Community, Organization, and Social Action (COSA)

The Community, Organization, and Social Action (COSA) specialization in the MSW Program is seeking socially active and civically engaged students who would like to pursue leadership careers in human services management, community development, and social change as professional social workers.  MSW students who complete the COSA Specialization, which is offered only at the Pitt-Main campus, gain the advanced knowledge and skills required for contemporary macro social work practice. COSA students acquire the ability to engage, assess, intervene, and evaluate practice with groups, organizations, and communities, bringing to bear evidence-informed approaches; a deep and abiding respect for diversity and difference; an emphasis on the strengths, assets, and empowerment of constituents and stakeholders; and a commitment to the social work profession’s values.

Students develop specialized skills in community organizing and mobilization as well as organizational management and administration, bringing to bear on their social work practice an understanding of how it can contribute to securing human rights and social, economic, and environmental justice for all people. They also hone their critical thinking and self-reflective skills through their field practicum and coursework.

COSA graduates pursue established and emerging professional opportunities in public, private, profit and nonprofit organizations in such fields as health care, disability services, children and youth, family services, community revitalization and development, philanthropy, policy and planning, business and human resources, community centers, and more.  Currently, COSA graduates are serving as executive directors, program managers, organizers, planners, grant officers, researchers, and educators in local, state, national, and international agencies and organizations.

The Pitt School of Social Work has the first and longest standing program in Community Organizing (CO) in any social work or professional school in the country.  In fall 1958, the School launched its first two-year curriculum in Community Organizing!  For more information, click here for a report created for the COSA 60th Anniversary in 2018 to Read a history of the community organizing program.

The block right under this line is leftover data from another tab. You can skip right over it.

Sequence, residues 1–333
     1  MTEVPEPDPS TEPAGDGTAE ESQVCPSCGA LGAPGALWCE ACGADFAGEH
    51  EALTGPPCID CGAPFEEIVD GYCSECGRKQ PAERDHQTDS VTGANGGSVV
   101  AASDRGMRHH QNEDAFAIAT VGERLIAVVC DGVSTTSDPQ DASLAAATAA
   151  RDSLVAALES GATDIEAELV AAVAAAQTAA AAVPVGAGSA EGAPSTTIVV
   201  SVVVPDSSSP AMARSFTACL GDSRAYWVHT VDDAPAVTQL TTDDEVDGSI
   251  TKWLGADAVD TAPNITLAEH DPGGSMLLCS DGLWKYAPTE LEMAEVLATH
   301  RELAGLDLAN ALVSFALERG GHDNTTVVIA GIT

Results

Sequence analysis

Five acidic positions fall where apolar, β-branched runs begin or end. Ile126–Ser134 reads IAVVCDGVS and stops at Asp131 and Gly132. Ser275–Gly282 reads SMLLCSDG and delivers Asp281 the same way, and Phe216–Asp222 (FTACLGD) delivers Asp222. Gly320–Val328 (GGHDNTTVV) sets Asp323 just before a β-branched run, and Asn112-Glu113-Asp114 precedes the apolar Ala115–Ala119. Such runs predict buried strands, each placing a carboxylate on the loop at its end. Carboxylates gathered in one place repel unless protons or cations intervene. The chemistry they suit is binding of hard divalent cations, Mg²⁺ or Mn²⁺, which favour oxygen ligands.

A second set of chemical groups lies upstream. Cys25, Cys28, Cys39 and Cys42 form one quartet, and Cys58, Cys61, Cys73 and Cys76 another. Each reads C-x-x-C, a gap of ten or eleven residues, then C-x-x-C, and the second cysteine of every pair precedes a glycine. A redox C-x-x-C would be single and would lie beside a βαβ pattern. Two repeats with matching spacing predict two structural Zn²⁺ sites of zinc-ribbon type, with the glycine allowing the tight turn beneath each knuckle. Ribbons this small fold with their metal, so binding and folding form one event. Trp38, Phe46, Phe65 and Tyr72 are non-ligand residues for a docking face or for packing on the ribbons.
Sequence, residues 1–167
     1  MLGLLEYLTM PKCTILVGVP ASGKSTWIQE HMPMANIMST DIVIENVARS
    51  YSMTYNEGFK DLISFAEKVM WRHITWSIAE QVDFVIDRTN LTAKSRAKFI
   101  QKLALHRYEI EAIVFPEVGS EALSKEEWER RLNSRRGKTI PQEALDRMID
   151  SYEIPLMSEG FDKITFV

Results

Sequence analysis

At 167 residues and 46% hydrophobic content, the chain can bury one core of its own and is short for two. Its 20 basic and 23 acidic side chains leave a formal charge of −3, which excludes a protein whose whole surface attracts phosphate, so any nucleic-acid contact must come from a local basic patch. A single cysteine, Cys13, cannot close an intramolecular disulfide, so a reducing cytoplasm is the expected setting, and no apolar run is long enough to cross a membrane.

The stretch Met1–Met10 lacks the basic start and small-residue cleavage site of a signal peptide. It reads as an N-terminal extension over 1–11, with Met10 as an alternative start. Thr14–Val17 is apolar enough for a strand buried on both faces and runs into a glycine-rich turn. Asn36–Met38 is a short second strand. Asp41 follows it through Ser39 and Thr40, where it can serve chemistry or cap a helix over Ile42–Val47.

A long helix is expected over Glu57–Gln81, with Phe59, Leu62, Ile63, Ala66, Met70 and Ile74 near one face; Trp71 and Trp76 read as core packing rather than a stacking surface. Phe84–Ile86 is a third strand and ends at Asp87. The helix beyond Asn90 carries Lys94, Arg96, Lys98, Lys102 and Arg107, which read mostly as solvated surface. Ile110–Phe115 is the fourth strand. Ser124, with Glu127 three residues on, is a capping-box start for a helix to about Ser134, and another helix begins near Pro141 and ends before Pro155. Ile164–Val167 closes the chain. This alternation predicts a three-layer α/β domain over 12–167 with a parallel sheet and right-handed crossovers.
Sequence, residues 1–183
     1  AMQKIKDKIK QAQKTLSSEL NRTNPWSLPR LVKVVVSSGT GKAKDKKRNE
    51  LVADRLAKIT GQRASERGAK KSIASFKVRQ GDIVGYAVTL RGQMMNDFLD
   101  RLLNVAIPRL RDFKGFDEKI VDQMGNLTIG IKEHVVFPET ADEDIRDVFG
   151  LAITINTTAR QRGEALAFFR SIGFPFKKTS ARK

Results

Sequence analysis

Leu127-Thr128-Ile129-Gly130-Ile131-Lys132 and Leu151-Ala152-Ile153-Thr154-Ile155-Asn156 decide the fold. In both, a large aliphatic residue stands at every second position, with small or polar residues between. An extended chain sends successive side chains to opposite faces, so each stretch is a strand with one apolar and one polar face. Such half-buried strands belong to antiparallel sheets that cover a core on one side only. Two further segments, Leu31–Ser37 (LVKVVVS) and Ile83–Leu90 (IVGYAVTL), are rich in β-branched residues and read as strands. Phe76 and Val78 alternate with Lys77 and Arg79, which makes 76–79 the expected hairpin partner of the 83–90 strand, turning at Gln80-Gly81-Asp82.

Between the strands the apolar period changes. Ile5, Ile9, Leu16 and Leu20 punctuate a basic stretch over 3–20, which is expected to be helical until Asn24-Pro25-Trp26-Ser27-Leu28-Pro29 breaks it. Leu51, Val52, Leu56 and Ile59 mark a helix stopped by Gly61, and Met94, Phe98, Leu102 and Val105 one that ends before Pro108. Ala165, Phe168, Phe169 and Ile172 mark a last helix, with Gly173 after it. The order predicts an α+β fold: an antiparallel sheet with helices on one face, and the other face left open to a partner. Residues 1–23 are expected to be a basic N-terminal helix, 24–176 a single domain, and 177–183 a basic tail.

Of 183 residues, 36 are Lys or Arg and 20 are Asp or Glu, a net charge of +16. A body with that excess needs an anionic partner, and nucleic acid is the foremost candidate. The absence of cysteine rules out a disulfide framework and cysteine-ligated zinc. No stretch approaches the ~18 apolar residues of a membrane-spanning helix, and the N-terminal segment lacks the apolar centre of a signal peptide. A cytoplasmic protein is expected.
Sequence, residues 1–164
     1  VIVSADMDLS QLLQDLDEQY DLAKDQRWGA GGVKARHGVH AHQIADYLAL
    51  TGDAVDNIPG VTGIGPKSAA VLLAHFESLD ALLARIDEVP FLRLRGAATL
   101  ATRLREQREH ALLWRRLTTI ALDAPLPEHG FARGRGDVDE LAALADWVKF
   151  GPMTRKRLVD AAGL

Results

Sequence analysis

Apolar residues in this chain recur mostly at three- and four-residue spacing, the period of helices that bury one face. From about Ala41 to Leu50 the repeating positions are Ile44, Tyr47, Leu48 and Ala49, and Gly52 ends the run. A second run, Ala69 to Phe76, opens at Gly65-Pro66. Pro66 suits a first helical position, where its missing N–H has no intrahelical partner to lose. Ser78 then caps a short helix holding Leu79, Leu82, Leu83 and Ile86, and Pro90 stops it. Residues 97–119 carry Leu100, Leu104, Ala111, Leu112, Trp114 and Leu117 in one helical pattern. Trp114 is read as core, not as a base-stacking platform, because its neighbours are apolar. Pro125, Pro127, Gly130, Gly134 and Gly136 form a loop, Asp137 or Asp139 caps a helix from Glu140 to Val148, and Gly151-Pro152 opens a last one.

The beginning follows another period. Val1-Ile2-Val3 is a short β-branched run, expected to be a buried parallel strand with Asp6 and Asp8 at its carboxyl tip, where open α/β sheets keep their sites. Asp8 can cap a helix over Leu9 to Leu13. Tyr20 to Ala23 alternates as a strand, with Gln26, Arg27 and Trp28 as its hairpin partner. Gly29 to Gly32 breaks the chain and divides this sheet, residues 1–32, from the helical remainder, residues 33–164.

COSA Curriculum

The COSA Curriculum involves six (6) required courses, one of which is the 12-credit total, two-semester Specialization field education placement. In addition to their required courses, students must complete two COSA skill electives from a menu of possible courses. The COSA Curriculum is comprised of the following required courses:

Required Skills Courses:

  • SWCOSA 2084: Human Services Organization Management (3 credits)
  • SWCOSA 2088:  Community Organizing and Planning (3 credits)

Second Level Courses:

  • SWBEH 2008:  Human Behavior in the Urban Environment (3 credits)
  • SWWEL 2087:  Organizations and Public Policy (3 credits)
  • SWERES 2033B: Evaluation Research in the Social Services (3 credits); SWRES 2045B: Qualitative Research (3 credits); SWRES 2047B Community Based Participatory Research (3 credits); or SWRES 2051B Single-Subject Research (3 credits)

SWCOSA 2099:  Specialized Field Work (6 credits/term [12 credits total])

COSA Curriculum Guide

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COSA Focus Areas and Certificates

Students can pursue specialized coursework in one of two focus areas: Human Services Organization Management or Community Organization. In addition to these two focus areas, COSA students have the option of completing a certificate in Human Services Management.